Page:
Otherwise, the result was broadly in line with expectations. Confirming their current marginal role, the Free Democrats (FDP), for decades the king makers in German Politics, lost roughly two thirds of their support and would not have been represented at all under the previous electoral system. The most interesting development in Germany is the ascendancy of the Eurosceptic Alternative für Deutschland (AfD). The party, which was founded only a year ago, garnered seven per cent of the vote. While this pales in comparison to the results of other Eurosceptics, it is nonetheless the biggest national success for an outsider party since the late 1980s. Having seven freshly elected MEPs will provide a moral, political and financial boost for the party in the state elections that will be held in three of the Eastern states in August/September.
Iain Begg is Professorial Research Fellow at the LSE’s European Institute
In addition to the high-profile matter of who should be appointed to its top jobs, the EU’s policy agenda for the next year or two includes several very tricky issues which will test the ability of the EU’s institutions to arrive at viable and satisfactory solutions. In particular, the reforms of economic governance in response to the euro crisis remain incomplete and will require difficult decisions about the underlying policy stance, burden-sharing among Member States, and the balance of power between the supranational and national levels. Many of the recent and prospective initiatives in this area, such as mutualisation of debt or the creation of additional fiscal capacities and powers to help with macroeconomic stabilisation, will deepen integration at a time when voters seems to want the opposite.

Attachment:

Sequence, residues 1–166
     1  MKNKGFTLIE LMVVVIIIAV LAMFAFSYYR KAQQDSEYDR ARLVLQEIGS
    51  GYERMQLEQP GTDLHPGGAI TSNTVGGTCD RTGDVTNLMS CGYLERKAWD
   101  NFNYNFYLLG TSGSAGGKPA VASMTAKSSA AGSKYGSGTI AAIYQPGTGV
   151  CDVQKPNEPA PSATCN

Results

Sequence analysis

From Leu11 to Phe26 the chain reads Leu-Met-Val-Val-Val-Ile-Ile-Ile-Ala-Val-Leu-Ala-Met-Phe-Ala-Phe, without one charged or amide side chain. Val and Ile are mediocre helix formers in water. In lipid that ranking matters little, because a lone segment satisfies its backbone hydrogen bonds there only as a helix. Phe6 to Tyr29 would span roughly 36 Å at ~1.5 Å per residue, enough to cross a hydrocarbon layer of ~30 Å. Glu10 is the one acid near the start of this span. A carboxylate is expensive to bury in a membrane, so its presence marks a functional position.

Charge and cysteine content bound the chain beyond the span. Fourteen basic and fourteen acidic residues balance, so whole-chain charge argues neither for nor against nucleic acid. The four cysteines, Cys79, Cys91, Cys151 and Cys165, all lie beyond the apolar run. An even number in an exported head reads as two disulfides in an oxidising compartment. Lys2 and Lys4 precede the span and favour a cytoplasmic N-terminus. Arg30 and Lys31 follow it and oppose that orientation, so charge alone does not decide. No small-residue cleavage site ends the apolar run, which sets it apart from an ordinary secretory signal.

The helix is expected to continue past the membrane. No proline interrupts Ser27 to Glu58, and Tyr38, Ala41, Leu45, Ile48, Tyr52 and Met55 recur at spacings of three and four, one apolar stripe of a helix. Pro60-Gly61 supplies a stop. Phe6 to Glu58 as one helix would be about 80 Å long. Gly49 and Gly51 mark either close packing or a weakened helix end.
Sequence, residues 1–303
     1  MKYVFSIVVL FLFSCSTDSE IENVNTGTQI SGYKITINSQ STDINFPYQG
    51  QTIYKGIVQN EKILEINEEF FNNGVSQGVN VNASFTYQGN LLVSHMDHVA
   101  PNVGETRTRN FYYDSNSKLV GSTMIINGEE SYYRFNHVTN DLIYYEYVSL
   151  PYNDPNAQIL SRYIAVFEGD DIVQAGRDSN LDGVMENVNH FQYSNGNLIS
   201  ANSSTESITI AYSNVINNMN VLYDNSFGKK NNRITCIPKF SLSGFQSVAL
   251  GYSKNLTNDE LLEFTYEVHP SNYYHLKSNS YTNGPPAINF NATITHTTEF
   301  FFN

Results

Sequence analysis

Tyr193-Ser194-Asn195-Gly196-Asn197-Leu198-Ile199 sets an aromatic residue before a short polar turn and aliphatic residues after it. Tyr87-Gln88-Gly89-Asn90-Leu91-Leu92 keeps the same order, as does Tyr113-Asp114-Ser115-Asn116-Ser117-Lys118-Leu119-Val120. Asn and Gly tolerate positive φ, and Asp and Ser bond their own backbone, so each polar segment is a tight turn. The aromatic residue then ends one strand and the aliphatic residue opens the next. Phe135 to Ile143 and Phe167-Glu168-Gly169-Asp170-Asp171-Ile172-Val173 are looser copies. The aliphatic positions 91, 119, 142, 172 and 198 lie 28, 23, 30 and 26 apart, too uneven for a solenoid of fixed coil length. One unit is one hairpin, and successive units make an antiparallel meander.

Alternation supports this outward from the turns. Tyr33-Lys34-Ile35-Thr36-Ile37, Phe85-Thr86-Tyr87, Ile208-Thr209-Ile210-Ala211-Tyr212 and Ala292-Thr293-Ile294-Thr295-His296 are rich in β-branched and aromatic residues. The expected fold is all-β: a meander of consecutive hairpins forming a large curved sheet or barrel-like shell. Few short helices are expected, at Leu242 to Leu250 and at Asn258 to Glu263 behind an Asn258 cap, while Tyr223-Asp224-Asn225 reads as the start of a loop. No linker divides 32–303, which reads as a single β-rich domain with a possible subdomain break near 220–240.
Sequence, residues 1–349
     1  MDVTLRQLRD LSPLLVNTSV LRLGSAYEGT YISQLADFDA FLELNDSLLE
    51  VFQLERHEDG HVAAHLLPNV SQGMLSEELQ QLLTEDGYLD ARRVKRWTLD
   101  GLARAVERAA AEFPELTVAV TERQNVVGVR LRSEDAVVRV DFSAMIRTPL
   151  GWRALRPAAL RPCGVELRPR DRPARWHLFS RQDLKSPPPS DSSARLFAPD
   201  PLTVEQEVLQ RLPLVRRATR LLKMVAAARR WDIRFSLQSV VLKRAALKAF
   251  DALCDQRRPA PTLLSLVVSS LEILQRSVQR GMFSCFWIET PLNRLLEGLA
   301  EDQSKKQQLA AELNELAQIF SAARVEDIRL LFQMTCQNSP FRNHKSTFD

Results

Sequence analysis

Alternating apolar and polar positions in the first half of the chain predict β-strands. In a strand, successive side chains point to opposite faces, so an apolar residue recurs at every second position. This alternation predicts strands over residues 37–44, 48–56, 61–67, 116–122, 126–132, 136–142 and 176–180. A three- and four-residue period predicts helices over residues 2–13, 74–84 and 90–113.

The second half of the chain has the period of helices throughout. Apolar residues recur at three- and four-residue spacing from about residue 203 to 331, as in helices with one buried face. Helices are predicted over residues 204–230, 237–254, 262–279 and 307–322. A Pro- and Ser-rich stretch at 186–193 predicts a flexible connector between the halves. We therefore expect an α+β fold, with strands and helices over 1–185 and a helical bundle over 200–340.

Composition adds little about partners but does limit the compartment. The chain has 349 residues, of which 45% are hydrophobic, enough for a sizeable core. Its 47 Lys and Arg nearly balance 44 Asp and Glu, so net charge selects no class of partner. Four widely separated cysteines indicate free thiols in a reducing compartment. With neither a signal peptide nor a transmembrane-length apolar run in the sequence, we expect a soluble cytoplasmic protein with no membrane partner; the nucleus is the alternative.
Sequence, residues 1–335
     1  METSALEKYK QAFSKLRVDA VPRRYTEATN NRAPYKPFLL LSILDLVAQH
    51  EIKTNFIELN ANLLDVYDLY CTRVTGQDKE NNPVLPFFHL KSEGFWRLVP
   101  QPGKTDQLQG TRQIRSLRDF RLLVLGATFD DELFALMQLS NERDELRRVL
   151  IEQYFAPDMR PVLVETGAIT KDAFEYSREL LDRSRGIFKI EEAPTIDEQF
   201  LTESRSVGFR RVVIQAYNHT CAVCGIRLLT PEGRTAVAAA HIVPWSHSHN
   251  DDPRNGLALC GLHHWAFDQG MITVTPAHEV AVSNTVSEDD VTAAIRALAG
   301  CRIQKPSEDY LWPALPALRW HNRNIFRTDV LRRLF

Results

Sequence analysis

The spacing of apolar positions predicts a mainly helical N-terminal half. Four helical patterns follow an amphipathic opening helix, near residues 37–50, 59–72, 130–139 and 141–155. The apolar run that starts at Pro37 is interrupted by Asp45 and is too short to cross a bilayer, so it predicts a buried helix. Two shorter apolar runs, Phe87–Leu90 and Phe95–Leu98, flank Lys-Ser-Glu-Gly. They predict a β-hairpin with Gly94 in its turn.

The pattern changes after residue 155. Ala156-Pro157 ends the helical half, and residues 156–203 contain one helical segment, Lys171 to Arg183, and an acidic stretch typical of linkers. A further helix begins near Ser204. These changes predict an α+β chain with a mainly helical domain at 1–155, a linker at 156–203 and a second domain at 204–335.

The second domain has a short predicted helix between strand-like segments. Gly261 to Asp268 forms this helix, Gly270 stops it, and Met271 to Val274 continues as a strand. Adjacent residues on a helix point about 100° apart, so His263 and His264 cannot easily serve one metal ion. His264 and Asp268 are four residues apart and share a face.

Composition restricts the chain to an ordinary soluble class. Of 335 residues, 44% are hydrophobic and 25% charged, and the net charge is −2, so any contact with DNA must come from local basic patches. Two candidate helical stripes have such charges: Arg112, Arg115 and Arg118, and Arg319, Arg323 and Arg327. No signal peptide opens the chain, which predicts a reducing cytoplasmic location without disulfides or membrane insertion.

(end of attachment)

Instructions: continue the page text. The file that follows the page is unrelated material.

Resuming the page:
At first sight, therefore, the new European Parliament looks like a recipe for gridlock in decision-making. Not only is the traditional left-right division now overlaid by a more unpredictable division between Europhiles and Eurosceptics, but a clear message has also been sent to the elites that business as usual is no longer acceptable. Yet a more subtle interpretation could be that the procrastination and squabbling over second-order concerns cannot continue and that all the institutions need to look for more comprehensive and coherent solutions. Despite the headlines about Euroscepticism, the voice of those worst affected by the crisis is now louder. Could it be that a more sanguine reading of these electoral results is warranted?
Sofia Vasilopoulou is Lecturer in the Department of Politics at the University of York. Daphne Halikiopoulo is Lecturer in Politics at the Politics and International Relations department at the University of Reading.
Radical right-wing parties have emerged as the main winners of the 2014 European Parliament elections. UKIP beat both its Labour and Conservative rivals in the UK, while in France the Front National topped the polls with 25 per cent and 25 MEPs. Radical right-wing parties came third in Austria, second in Hungary, and third in Greece, where the neo-Nazi Golden Dawn emerged as the third party with just over 9 per cent according to latest estimates.